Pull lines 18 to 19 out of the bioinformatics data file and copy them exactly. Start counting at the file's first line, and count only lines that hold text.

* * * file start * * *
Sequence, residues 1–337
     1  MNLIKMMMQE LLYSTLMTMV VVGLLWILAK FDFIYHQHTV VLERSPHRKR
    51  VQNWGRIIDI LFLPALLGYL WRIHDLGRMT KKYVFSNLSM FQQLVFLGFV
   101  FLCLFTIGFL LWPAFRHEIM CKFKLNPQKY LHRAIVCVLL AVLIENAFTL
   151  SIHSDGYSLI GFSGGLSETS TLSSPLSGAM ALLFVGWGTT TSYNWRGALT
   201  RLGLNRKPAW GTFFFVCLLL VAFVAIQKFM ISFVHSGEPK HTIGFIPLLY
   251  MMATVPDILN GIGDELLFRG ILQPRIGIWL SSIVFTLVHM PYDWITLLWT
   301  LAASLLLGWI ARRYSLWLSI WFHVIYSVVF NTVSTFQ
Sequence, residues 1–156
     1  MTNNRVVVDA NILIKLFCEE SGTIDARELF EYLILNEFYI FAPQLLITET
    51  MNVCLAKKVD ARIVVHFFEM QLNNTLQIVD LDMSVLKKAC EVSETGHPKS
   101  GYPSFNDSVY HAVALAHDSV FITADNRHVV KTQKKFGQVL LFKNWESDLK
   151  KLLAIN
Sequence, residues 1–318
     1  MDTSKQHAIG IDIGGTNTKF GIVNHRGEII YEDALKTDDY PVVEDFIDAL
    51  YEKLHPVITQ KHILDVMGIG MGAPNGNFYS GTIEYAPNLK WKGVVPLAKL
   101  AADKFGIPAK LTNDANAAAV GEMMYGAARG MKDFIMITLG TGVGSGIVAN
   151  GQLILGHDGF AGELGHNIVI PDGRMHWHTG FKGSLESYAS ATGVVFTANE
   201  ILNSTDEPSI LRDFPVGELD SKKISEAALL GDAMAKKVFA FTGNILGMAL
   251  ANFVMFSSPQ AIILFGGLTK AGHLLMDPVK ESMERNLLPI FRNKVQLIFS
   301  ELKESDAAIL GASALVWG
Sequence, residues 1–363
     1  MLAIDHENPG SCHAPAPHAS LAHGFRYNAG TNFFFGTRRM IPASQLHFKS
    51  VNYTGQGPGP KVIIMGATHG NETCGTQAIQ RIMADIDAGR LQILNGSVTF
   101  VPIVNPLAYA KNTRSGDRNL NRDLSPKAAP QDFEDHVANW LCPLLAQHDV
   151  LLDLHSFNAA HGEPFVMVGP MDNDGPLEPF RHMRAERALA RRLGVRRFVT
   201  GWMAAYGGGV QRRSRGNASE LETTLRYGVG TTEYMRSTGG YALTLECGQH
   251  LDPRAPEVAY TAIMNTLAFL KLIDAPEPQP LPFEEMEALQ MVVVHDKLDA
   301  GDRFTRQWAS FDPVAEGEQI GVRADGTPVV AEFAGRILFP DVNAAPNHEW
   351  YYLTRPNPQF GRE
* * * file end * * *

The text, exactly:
   151  GQLILGHDGF AGELGHNIVI PDGRMHWHTG FKGSLESYAS ATGVVFTANE
   201  ILNSTDEPSI LRDFPVGELD SKKISEAALL GDAMAKKVFA FTGNILGMAL